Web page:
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The Psychology of the Internet -
One of the things that has frustrated me over the past few weeks is how much negative writing there has been across the Internet about "bubble", "recession", "downtime", "its 1999 all over again", etc. I am frankly sick and tired of it. Very few of the stories ever mention how to make sure we don’t move downward in any significant way. I know that scandals and negative reporting gets more eyeballs than positive reporting, but enough is enough.
Will there be bumps here and there? Certainly — but the way some report on the news makes it seem that we are headed for a catastrophic train wreck. It’s all of our jobs to make sure that each train stays on the track and makes the right switches when needed to reach the end goal. When we see someone walking into oncoming traffic, we call to them to prevent a tragedy. Let’s do the same here so growth continues.
Are there stupid and insanse deals going around? Sure. Is $15 billion for Facebook moronic? Yes. Is $2,500 for a two-day infomercial (TechCrunch40) or $18,000 for five minutes of airtime (DEMO) a bit over-the-top? Sure.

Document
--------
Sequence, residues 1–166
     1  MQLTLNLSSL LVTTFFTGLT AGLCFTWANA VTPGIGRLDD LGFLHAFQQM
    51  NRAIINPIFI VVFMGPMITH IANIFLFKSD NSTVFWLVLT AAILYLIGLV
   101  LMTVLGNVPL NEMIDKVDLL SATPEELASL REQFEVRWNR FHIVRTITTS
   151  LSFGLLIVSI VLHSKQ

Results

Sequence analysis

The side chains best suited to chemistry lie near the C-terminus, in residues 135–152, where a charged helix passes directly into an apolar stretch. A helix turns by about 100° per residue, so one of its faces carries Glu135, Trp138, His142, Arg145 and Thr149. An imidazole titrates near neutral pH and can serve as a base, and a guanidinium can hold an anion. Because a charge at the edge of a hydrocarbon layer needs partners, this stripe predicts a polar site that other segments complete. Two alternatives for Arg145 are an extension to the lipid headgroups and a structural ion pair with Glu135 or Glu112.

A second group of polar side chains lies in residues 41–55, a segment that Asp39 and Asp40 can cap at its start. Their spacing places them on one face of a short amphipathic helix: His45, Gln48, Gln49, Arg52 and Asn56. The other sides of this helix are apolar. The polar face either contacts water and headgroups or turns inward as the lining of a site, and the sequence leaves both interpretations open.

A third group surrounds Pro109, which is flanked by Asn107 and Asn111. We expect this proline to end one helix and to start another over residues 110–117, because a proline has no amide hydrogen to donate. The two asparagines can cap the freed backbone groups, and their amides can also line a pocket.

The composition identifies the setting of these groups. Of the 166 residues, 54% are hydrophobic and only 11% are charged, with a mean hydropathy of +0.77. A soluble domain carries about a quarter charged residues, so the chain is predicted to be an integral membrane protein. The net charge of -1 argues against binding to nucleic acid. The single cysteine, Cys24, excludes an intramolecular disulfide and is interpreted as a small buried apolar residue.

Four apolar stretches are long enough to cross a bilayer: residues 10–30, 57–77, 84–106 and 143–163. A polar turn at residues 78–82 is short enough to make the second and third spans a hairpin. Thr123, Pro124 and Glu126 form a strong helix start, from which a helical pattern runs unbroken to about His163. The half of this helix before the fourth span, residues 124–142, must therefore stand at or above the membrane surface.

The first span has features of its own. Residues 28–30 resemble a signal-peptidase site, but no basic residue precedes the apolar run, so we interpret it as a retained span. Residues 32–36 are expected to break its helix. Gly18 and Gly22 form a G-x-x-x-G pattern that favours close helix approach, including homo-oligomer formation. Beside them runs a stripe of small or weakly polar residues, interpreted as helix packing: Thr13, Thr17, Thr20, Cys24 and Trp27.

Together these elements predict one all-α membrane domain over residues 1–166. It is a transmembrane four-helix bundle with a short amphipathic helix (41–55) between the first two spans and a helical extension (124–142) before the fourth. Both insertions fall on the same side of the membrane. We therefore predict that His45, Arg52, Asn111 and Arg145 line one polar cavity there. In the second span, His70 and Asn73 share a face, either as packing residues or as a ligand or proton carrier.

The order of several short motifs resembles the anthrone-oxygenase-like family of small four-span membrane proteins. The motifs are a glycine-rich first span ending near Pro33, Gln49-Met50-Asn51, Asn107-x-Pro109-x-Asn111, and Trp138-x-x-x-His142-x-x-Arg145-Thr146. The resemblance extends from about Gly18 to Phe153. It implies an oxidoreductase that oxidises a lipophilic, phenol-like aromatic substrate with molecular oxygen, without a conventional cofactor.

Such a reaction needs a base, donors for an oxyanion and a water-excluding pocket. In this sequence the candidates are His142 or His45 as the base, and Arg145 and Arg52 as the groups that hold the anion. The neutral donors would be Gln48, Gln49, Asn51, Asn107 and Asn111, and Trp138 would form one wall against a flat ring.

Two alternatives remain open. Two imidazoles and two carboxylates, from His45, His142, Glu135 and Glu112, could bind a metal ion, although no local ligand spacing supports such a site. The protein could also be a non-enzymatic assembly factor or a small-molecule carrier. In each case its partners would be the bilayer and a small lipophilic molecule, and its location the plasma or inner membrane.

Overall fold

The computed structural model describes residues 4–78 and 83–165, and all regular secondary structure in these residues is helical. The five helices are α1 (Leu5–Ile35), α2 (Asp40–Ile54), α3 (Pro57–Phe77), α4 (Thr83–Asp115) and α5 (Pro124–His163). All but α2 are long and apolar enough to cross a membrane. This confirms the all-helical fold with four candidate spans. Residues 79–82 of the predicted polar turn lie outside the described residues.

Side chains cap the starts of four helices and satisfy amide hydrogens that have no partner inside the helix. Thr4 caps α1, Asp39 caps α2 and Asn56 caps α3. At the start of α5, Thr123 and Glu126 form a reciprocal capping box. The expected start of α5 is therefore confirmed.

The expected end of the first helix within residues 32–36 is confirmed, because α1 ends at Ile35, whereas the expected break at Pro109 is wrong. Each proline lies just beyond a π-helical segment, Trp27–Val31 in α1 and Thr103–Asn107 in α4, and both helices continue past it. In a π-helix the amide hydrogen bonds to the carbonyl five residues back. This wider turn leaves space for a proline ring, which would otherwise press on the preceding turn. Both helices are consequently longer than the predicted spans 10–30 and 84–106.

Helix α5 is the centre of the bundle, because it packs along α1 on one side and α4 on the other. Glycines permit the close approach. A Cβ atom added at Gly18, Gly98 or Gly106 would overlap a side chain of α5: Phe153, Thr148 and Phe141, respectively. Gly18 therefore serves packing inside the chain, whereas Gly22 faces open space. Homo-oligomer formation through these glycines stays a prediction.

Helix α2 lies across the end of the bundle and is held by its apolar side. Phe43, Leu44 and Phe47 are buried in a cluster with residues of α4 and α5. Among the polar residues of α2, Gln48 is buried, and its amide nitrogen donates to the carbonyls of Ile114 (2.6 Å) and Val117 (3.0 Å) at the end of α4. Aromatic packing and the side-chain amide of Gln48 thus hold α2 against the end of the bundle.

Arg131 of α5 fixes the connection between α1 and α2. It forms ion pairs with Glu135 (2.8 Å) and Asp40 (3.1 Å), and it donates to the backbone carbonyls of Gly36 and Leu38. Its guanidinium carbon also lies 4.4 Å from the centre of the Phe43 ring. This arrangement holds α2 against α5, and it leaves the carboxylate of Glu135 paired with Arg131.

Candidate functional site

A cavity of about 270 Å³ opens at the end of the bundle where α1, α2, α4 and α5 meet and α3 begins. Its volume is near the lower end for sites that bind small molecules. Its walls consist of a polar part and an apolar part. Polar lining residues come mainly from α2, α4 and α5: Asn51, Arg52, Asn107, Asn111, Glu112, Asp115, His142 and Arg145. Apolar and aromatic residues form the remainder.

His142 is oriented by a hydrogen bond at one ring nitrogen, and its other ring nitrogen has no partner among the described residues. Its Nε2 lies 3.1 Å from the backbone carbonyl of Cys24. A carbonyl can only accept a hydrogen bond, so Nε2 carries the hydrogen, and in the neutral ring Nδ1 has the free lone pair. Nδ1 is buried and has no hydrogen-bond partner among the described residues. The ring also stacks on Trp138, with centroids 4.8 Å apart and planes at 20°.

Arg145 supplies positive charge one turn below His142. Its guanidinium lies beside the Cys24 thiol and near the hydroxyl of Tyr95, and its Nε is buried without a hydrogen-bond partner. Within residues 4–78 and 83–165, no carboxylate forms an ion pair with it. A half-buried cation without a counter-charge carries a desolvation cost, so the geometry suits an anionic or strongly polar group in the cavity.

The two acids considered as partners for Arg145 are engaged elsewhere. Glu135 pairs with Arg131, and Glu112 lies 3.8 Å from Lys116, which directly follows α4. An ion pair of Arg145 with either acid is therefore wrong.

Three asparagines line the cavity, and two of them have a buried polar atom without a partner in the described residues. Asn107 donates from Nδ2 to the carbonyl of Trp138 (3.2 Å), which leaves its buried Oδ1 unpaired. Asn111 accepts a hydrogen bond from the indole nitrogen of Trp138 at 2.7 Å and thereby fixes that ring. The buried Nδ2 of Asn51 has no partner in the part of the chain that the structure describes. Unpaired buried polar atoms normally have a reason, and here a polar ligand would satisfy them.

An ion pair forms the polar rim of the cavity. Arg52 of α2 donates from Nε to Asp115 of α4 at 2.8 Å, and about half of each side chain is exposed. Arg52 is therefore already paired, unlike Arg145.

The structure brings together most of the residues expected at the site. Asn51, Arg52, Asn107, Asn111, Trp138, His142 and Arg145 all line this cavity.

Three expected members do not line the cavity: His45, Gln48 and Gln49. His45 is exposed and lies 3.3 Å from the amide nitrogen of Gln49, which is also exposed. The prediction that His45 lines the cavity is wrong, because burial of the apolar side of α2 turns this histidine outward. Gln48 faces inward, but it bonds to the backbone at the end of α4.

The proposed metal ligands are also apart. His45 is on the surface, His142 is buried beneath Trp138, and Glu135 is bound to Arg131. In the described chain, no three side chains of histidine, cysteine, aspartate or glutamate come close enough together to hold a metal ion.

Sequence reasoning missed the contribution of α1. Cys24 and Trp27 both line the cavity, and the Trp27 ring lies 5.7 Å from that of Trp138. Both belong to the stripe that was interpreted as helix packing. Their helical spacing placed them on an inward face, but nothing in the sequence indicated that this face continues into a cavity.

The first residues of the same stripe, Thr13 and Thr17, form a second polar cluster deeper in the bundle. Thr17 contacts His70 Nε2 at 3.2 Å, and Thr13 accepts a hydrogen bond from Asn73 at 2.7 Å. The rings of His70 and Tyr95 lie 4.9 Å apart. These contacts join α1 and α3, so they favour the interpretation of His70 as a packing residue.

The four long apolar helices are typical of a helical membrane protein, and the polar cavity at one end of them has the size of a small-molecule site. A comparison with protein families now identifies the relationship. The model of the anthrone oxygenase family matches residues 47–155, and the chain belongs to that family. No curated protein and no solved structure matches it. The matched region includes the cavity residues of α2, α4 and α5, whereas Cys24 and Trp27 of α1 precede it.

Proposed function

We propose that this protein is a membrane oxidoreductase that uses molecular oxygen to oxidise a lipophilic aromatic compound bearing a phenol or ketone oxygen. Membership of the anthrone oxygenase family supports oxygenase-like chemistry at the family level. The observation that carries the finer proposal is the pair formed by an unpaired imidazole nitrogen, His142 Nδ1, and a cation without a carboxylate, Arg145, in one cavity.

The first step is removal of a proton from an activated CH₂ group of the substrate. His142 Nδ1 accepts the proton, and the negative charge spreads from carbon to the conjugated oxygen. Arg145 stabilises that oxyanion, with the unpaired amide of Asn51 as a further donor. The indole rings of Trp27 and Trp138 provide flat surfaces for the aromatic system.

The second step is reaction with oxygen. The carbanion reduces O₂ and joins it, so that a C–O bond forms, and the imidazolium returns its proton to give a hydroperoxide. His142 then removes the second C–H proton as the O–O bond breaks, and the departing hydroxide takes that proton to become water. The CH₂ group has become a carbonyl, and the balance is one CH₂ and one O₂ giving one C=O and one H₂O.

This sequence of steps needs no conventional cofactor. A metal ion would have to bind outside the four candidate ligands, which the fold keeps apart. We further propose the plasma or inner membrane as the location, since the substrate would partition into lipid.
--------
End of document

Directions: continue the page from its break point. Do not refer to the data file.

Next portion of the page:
Yet today, I have seen some rays of light with regards to positive energy around where we are and where we are headed. Here are some examples from today’s press:
John Furrier – "Now two years later I’m even more excited by the possibilities available for entrepreneurs and the increased flow of new online advertising dollars in the area. The changes and opportunities are plentiful. I remain passionate and motivated by the growing Internet market. It has been a ton of fun creating media and social technology that is now part of the new media and iPod generation and revolution. It’s been a blast."
Stowe Boyd – "My sense is that it is not time to head for the hills, at least not quite yet. Battelle made the case that this boom is structurally different: new start-ups require less capital now to get their companies off the ground, it’s not being fueled by IPOs, and we are building on a more stable platform of technology. Perhaps most importantly, there are more people on the Web everyday, doing more there than ever before."
Mark Evans – this is a must-read. It’s what I have been thinking about a lot recently – that many bloggers and mainstream journalists want to get in their jabs and body blows now so if a knockout blow comes, they can claim "see people we knew it was coming!". Henry Blodget, the "Kevin Trudeau" of the Internet news sector is a great example of this technique. His site, Alley Insider is producing some excellent content but 50-60% are very negative posts about and upcoming Internet bomb. I am hopeful that SAI will start to provide insight into how to avoid the slipups that they are reporting on.
I know what negative thinking can do for reality and the bottom line is that if we all wish it hard enough, a significant downturn will appear. Let’s make sure that we know what to wish for. I know that I wouldn’t trade the Internet for anything, not even a Wii.